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Western Publishers Sue Delhi University Over Photocopied Textbooks; Students And Authors Fight Back

from the equitable-access dept

Back in October last year, we wrote about Costa Rican students taking to the streets to defend their right to photocopy otherwise unaffordable university textbooks. Of course, that's not just a problem in Costa Rica: in many parts of the world, high prices act as a significant barrier to education, and it will come as no surprise that photocopying is an accepted practice in many countries.

That's certainly true in India, where an important battle is playing out around this issue. Here's a summary from Al Jazeera's Web site:

Cambridge University Press (CUP), Oxford University Press and Taylor & Francis launched a lawsuit last year against Delhi University (DU) and a reprographics shop near its campus for producing "course packs" -- bound collections of photocopied extracts from books and journals that are sold for much cheaper than textbooks. The publishers claim the practice infringes on copyright, and that they and their authors are losing money as a result.
The publishers are demanding over $110,000 in damages for this alleged infringement.

But Delhi University's Association of Students for Equitable Access to Knowledge (ASEAK) -- set up to help fight the lawsuit -- points out that according to the Indian Copyright Act 1957 (pdf), in addition to the usual fair dealing/fair use rights, copying for the purposes of teaching is explicitly allowed:

52. Certain acts not to be infringement of copyright. -(1) The following acts shall not constitute an infringement of copyright, namely:



(h) the reproduction of a literary, dramatic, musical or artistic work-

(i) by a teacher or a pupil in the course of instruction; or

(ii) as part of the questions to be answered in an examination; or

(iii) in answers to such questions;
Recently, 309 academics and authors -- 33 of whom were mentioned in the lawsuit -- have sent a letter to the publishers involved, asking that they withdraw their legal action. That's an indication of the widespread concern that a victory in the courts by the publishers would have hugely negative effects on education in India, as ASEAK explains:
That photocopying of educational material takes place at such a large scale across the country and across disciplines is indicative of the gap within our education system that is filled by photocopying. Until alternative mechanisms of access to the same material is evolved, any curbing on photocopying will severely impact the student community, not only in Delhi School of Economics, or Delhi University, but in every educational institute across the country. We affirm and express solidarity with the students of Costa Rica who are fighting for their right to photocopy, directly linked with access to education, as it is in India. We express our solidarity with the open access movement and affirm the cause that Aaron Swartz fought for. We welcome the move in the USA that has led to the decision of free access to publicly funded research after one year of remaining within subscription journals, and will push for similar moves for opening access to publicly funded research within India, including academic works produced by teachers while being employed by State Universities.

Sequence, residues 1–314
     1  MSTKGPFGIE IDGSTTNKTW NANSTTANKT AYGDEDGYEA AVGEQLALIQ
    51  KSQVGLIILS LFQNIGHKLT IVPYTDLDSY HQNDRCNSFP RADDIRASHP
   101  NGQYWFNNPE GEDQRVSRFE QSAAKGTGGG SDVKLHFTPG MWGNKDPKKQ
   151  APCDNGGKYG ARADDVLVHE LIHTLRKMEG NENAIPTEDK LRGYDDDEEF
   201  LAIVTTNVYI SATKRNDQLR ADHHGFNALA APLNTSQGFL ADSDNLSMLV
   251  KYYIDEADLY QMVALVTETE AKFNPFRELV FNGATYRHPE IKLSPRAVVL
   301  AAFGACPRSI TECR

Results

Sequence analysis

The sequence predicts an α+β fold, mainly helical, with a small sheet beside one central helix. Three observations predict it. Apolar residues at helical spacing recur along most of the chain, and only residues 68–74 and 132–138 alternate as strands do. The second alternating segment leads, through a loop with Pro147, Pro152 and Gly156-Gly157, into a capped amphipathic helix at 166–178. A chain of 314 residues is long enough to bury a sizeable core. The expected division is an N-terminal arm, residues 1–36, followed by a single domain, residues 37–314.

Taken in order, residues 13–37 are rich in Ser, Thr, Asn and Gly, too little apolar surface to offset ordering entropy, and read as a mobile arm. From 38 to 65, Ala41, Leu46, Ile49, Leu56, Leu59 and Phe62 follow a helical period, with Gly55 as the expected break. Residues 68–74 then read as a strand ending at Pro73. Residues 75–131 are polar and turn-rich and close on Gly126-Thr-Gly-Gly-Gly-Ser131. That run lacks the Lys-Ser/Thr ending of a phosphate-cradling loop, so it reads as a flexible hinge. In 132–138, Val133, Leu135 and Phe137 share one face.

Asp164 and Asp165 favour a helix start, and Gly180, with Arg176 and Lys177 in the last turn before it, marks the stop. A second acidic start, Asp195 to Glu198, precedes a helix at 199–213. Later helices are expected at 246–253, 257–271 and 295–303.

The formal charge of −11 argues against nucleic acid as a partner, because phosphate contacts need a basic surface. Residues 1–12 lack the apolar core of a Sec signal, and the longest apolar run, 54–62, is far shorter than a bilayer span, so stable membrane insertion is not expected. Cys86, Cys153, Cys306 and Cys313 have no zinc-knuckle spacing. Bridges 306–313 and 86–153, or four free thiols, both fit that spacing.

The battle here is part of a larger effort by publishers to enforce Western-level pricing in markets that are simply unable to bear them. Interestingly, it's exactly the same battle that is currently taking place in India over access to medicines, which recently resulted in a significant victory for producers of low-cost drugs. It will be interesting to see whether the current case about access to knowledge goes the same way.

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Filed Under: copyright, costa rica, education, fair use, india, photocopies


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  1. icon
    Gwiz (profile), 17 Apr 2013 @ 8:38am

    Re: Well, this story has an emotional besides Populist appeal...

    BUT should these relatively privileged kids succeed, they'd become the ones trying to wring every last rupee out of exploiting the poor! "Capitalism", besides more basic human nature, has this intrinsic contradiction: everyone wants exchanges to work only one way, in their favor. So I find it difficult to be TOO sympathetic or TOO hard on the publishers.

    What the hell are you trying to say here? Are you really saying that capitalism is bad so we should stop people from bettering themselves with an education?? What the heck is your endgame? You want everyone dumbed down to your level or something? You make very little sense.



    But skip that. What we need is a New Deal to level the playing field again. -- Actually, THIS time we need to take the playing field back! -- This item doesn't even begin to tackle the real inequalities that exist in India or the world. It's just Techdirt's characteristic way of pitting poor publishers against even poorer students, while ignoring truly obscene levels of unearned wealth. There are people who are born into literally feudal entitlements that EVERY HOUR brings them more money without effort than you'll earn in a month or a year. Let's tackle inequality at the level where it's clearly evil, and then much of the rest will sort itself out.

    Once again, HOW would you achieve this? Knock anyone who is more successful than you down to your level? Sounds like you want to resolve the inequities of tree height in the forest with hatchet, axe and fire to me. How will this promote advancement of anything?

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